What is private web browsing? How does it work actually? Many internet surfers don’t fully understand the importance and workings of private browsing. However, before we explain how private browsing works, we need to understand fully what private surfing is all about. In doing so, we will be focusing on the following areas.
- Meaning of Private Browsing.
- What private web browsing is used for?
- How does it work?
Meaning of private web browsing
What comes to mind when we talk about private browsing is simply a privacy feature that allows one to surf the web without leaving any trace of one’s browsing history. This is also known as incognito mode. In this mode, a person can explore the web for as long as they want, without storing local data that can be retrieved later. It is, however, important to know that this privacy protection feature does not go beyond the boundaries of the browser application itself as traces of data can be left on the hard drive and memory. Not to mention, it does not provide privacy on the visited websites as the IP address and activities are logged there as well.
What is private browsing used for?
There are lots of uses for private browsing. This feature can be used for:
- Minimizing the amount of browsing history and the amount of browsing information.
- Preventing the accidental saving of login details to various accounts. This is especially important if the browser that the accounts will be opened on is on a different person’s computer or device. You don’t want your social media login details to be stored on another person’s phone, would you?
- Preventing other users of the device from finding your search and browsing history.
- Viewing explicit and sensitive content on the internet without the knowledge of other local users.
- Carrying out search functions that are not influenced or affected by prior browsing history or factors, which may cause your browser to rank certain search results higher than others.
- Testing websites. Yes, you can use the private browsing feature to test websites. When searches are made with an incognito browser, the incognito feature will allow you to see the true results of your search, thereby allowing you to determine which website ranks the highest.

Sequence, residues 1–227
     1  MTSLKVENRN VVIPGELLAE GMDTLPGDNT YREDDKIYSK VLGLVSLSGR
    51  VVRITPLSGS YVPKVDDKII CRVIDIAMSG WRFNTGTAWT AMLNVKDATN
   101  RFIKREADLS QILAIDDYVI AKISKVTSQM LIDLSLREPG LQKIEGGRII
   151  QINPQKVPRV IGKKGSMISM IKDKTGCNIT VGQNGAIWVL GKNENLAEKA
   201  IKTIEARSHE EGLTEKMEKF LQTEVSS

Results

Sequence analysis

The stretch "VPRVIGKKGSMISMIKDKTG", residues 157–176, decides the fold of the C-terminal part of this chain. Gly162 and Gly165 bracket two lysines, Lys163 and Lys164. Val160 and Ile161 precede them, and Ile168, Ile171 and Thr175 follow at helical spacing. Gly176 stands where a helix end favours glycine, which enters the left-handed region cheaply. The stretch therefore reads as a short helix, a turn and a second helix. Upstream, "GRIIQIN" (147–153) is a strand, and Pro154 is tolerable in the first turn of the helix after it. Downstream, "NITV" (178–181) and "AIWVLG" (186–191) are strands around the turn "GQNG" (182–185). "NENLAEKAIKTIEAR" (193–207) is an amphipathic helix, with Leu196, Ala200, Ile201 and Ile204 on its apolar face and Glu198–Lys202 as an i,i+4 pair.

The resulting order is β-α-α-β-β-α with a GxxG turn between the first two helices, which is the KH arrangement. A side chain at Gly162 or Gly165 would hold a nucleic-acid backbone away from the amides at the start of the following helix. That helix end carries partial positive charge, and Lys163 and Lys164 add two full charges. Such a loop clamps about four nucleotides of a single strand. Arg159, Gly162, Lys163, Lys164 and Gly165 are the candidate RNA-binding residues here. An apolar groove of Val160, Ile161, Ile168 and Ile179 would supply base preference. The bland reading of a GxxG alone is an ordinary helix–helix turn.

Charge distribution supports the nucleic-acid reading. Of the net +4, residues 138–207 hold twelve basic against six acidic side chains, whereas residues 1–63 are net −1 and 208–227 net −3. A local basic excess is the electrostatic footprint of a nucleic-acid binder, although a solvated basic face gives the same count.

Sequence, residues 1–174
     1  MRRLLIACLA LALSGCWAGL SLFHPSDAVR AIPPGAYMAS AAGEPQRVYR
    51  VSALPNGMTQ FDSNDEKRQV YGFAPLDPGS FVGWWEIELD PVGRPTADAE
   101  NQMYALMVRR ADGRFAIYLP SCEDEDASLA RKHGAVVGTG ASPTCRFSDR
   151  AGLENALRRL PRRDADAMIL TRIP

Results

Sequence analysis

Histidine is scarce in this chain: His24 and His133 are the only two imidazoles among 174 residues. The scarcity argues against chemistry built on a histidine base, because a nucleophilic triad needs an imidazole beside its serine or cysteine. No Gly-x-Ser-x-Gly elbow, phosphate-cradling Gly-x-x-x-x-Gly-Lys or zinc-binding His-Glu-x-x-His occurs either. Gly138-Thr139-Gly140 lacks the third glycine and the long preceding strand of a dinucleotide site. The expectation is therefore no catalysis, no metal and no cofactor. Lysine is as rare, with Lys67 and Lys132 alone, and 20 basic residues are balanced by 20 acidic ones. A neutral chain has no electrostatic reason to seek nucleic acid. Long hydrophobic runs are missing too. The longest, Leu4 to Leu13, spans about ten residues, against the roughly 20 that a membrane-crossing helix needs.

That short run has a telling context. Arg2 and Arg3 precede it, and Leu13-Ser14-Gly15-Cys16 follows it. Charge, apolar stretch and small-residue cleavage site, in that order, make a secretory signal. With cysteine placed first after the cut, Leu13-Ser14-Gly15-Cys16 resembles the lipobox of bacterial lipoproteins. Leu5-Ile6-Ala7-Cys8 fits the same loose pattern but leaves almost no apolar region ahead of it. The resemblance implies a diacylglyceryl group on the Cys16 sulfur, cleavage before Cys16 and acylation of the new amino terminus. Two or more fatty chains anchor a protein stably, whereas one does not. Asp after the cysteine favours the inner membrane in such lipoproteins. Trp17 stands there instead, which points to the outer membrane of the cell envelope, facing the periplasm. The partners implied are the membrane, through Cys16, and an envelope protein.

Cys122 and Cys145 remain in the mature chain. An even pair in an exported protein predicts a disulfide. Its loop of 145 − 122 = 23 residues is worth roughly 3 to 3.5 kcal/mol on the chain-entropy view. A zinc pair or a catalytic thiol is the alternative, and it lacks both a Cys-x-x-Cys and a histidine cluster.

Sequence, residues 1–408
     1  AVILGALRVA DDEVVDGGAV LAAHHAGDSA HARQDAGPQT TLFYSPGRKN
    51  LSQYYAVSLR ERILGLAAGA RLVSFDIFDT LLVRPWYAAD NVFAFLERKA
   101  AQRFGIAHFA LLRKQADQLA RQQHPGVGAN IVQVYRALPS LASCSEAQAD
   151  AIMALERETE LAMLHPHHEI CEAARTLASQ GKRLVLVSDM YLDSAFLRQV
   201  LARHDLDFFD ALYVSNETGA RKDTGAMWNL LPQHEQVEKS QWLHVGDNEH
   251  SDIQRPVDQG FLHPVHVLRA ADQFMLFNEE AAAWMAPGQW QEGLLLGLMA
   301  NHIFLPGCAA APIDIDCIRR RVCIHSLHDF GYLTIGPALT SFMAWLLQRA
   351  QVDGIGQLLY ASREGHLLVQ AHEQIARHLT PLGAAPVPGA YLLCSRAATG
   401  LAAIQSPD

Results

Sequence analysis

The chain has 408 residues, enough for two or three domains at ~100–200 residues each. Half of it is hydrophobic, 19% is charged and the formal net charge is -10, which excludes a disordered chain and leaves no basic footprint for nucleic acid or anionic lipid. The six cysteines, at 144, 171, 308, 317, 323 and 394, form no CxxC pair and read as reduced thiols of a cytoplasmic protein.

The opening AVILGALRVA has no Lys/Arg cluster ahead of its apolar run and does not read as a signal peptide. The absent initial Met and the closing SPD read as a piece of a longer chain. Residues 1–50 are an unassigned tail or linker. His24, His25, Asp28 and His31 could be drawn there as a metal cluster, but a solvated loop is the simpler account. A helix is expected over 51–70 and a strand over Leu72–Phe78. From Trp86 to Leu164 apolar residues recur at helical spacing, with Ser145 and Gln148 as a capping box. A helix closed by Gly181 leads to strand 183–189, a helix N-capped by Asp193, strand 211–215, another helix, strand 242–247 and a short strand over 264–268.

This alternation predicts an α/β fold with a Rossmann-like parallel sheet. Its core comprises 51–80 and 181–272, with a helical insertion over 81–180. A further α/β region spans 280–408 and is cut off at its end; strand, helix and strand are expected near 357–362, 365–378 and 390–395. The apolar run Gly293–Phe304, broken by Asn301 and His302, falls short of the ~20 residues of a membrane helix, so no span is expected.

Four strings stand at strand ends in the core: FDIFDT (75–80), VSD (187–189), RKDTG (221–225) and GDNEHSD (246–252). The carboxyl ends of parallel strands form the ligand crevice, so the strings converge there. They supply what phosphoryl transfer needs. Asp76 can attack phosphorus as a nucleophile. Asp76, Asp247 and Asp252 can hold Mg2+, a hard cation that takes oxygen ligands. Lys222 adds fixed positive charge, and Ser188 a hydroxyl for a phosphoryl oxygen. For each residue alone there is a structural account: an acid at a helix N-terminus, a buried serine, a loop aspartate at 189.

These are only but a few uses of the private browsing feature.
According to research done so far, private web browsing isn’t fully able to hide your browsing activities.
In 2010, professors at Stanford University discovered that there won’t be a record of your history on a private browser session but there will be records on the websites themselves.
In 2012, a group of Brazilian researchers carried out a project of extracting data and information’s from different browser private modes and partially reconstructing those using applied forensic techniques. This proved that private browsing isn’t able to fully hide traces even locally.
In 2014, researchers at Newcastle University carried out a project on private browsing. They came out with the following results:
- A record of the visited websites during private sessions can be retained for a long period of time in the local memory even after the session has been closed.
- Software bugs in some browsers diminish the security of the private browser.
- Some web browsers show unique interfaces which enable a website to know if the user is currently on private mode.
How does private browsing work?
Private web browsing works in different ways for various browsers. However, there are certain features that work the same way for all browsers.
A major way in which private surfing works is that it disables third-party toolbars and click trackers, which are known for tracking your surfing activities. It also doesn’t save usernames, email addresses, and passwords, which makes it perfect for browsing on a device that is not yours.
Private web surfing provides a bit of anonymity but it doesn’t totally block the user’s cyber activities from exposure. In other words, it is not entirely private.
Even though private web browsing stops your browsing history from being retained. It is important to note that it does nothing to stop other programs and application software running on your phone or computer from retaining your browsing activities. Hence, the private browsing feature is useless against key loggers and spyware or even parental-control application software, which is capable of storing or retaining all your browser activities regardless of any private surfing feature.
The reason for this seemingly contradictory anomaly is that even if your web browser can decide not to store your browsing activities, it cannot tell other computers, servers, and routers to forget your browsing history. Therefore the answer to the question, “Is private browsing private?” is “NO, not entirely”. But that doesn’t mean that it does not have its benefits.
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